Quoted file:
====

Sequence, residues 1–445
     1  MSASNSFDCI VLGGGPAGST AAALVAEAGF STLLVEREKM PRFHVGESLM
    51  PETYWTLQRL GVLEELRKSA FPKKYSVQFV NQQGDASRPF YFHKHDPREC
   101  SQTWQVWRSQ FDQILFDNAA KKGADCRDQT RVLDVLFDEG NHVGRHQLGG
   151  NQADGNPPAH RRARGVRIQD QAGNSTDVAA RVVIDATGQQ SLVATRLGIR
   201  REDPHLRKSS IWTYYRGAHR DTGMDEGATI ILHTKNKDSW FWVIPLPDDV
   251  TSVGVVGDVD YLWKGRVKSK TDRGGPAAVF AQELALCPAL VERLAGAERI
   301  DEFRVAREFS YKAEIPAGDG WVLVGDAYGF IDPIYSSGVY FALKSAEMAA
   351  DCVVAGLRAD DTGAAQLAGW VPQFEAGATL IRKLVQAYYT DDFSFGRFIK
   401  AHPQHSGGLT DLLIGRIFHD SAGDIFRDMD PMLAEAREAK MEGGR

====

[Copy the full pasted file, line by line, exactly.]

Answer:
Sequence, residues 1–445
     1  MSASNSFDCI VLGGGPAGST AAALVAEAGF STLLVEREKM PRFHVGESLM
    51  PETYWTLQRL GVLEELRKSA FPKKYSVQFV NQQGDASRPF YFHKHDPREC
   101  SQTWQVWRSQ FDQILFDNAA KKGADCRDQT RVLDVLFDEG NHVGRHQLGG
   151  NQADGNPPAH RRARGVRIQD QAGNSTDVAA RVVIDATGQQ SLVATRLGIR
   201  REDPHLRKSS IWTYYRGAHR DTGMDEGATI ILHTKNKDSW FWVIPLPDDV
   251  TSVGVVGDVD YLWKGRVKSK TDRGGPAAVF AQELALCPAL VERLAGAERI
   301  DEFRVAREFS YKAEIPAGDG WVLVGDAYGF IDPIYSSGVY FALKSAEMAA
   351  DCVVAGLRAD DTGAAQLAGW VPQFEAGATL IRKLVQAYYT DDFSFGRFIK
   401  AHPQHSGGLT DLLIGRIFHD SAGDIFRDMD PMLAEAREAK MEGGR